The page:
Dannenfelser recalls, "There were a handful of videos that came through that were either inappropriate or that did not meet the criteria. If things came through that had nothing to do with the flu, it was quite all right for Novartis and our administration to pull the content." He adds, however, that for a targeted community to trust the sponsor, it is essential that the sponsor clearly lay out the ground rules in advance.
Novartis took further steps to ensure the safety of the campaign by requiring all entrants to be 18 years of age or older. In the end, 60 entries were approved for the contest, and a team at Novartis scored each video based on set criteria, including creativity and originality, content, and the persuasiveness of the message.
It is telling that although the contest attracted many amateur filmmakers, the winning videos came from audiovisual professionals. The winning entry in the Sports and the Flu category, "Norton Fears the Flu," was a whimsical yet technologically sophisticated animated takeoff on the beloved Dr. Seuss children's book Horton Hears a Who. At press time, this was the most popular winner, with 5,000 page views (the other winners had received approximately 1,500 page views each). The filmmaker, Utah-based video technician Andreas Peterson, is a father of three who has been making films for 20 years (his young daughter provided a sneezing sound effect for his piece). "Flutiquette: Flu Etiquette in the Workplace and You," a satirical take on 1950s instructional films, took the honors in the Workplace and the Flu category. John Baumgaertner, the Los Angeles–based creator of "Flutiquette," has worked as an actor, producer, and comedy writer. Jay Sinnard, a father of three and video educator at the University of Cincinnati, cast his own (shrieking towheaded) children as the stars of "Story Interrupted," winner of the Kids and the Flu category.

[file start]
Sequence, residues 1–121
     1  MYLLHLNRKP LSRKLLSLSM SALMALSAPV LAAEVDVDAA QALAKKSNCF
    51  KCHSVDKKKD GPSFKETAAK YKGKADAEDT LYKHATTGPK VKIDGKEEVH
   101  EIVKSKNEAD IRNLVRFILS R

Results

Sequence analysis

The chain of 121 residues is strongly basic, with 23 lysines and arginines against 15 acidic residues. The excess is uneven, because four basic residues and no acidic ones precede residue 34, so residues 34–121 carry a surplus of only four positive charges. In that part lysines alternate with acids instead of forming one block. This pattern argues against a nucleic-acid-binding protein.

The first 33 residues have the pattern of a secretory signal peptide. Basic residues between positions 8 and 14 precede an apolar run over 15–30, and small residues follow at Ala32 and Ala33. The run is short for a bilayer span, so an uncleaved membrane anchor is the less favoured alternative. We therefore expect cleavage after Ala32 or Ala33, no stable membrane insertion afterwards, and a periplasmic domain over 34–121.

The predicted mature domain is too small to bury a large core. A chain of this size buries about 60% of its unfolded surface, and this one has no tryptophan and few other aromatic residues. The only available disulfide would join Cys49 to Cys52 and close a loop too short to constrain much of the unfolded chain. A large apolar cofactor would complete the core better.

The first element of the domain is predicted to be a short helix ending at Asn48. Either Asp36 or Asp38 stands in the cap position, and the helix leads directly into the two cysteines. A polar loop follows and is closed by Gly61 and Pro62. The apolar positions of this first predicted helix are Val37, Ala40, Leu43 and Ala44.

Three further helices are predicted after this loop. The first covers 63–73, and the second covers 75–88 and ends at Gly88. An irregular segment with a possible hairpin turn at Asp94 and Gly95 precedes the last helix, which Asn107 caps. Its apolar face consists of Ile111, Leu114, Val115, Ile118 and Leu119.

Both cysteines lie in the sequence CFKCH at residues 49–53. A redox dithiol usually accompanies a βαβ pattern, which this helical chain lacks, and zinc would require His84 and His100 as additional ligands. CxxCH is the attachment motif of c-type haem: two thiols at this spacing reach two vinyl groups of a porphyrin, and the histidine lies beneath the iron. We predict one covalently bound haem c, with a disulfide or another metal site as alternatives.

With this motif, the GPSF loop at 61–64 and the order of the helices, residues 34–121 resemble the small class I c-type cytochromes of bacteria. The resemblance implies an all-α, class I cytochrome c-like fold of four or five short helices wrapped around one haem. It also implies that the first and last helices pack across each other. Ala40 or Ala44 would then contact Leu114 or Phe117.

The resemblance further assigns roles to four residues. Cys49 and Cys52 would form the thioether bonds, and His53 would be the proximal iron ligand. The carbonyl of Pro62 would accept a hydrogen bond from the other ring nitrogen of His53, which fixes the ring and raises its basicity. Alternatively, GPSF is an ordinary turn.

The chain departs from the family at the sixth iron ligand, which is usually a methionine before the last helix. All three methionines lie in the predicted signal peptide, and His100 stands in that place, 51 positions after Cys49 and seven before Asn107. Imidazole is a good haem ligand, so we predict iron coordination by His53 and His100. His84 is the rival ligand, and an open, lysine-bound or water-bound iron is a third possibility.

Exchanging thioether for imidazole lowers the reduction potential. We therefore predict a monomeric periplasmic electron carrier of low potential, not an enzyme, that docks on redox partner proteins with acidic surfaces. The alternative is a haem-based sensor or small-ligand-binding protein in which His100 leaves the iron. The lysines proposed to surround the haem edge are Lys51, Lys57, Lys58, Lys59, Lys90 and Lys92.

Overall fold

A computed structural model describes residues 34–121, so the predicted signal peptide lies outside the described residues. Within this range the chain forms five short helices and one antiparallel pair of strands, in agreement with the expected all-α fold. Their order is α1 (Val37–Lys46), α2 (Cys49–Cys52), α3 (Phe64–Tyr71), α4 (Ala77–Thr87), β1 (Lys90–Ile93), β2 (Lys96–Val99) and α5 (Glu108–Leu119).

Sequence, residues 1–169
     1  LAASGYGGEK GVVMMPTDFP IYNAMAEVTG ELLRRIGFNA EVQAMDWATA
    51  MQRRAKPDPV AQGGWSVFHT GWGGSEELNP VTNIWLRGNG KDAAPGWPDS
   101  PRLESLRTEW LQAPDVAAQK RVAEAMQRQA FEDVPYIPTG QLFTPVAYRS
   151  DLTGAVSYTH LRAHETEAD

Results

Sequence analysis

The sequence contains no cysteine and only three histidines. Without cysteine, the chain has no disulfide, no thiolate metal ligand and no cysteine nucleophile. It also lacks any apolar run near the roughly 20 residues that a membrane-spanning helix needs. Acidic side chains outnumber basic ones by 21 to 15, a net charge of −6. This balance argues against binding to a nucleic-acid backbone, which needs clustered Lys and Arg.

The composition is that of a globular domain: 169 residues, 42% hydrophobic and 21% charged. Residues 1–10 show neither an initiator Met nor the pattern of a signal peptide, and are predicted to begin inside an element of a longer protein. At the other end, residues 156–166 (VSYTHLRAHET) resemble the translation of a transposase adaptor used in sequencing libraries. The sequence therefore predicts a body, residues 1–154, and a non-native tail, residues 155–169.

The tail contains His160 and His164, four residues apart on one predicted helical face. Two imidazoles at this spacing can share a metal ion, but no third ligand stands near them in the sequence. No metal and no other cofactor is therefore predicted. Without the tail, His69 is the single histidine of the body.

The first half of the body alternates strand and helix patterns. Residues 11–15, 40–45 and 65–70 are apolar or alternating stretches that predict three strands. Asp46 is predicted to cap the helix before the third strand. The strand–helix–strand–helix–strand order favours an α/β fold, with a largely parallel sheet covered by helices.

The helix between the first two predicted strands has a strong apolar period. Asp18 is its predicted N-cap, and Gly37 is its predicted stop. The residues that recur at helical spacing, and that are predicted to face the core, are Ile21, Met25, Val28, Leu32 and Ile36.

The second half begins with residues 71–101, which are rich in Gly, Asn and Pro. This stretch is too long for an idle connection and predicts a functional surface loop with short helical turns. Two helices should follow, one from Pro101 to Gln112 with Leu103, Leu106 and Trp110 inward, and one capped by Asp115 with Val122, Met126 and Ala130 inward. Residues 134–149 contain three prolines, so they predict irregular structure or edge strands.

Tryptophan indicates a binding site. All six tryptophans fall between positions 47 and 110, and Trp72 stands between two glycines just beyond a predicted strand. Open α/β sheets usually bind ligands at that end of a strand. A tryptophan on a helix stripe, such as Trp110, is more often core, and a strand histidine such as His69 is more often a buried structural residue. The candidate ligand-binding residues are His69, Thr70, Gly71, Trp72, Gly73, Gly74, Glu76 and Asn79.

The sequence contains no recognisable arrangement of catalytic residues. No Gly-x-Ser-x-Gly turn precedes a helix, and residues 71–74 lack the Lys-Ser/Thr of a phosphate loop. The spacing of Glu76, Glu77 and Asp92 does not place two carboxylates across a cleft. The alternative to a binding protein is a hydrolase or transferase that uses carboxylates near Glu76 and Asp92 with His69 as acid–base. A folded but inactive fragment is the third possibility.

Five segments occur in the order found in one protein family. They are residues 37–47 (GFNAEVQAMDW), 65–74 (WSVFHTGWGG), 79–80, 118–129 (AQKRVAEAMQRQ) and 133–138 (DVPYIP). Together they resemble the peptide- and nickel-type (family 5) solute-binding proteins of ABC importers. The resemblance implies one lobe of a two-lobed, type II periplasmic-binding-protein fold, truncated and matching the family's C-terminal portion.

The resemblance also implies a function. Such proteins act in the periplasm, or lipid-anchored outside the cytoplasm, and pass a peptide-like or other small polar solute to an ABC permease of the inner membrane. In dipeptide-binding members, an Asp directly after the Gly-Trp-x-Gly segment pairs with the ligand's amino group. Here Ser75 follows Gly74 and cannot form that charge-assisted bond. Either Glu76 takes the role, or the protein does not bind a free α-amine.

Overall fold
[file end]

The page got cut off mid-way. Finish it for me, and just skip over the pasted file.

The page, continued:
As of press time, approximately 12,000 people had viewed the FluFlix channel on YouTube, while almost 800,000 people had viewed the sample videos produced by Novartis and Cadient and circulated in advance of the contest. Dannenfelser says, "We're still talking about this program, and it started in September. We're still getting people involved in the program and people are still viewing the messages. It really has been a groundbreaking opportunity for Big Pharma to dip its toe into the water with Web 2.0 emerging technologies."
Perhaps the strongest argument for engaging with a Web 2.0 audience is that a campaign like this one is a gift that keeps on giving. Though the FluFlix campaign began in mid-September and ended in late October, new viewers continue to seek out (or stumble upon) the contest entrants and the winners on YouTube. Because each winning entry is displayed above a congratulatory comment that includes a link to FluSource.com, the contest continues to drive additional traffic to the Novartis flu-education site. And since Novartis planned to ship 60 million doses of Fluvirin for the 2007/08 flu season, rolling publicity throughout the season is exactly what is needed.
Sara Donnelly is Pharmaceutical Executive's associate editor. She can be reached at email@example.com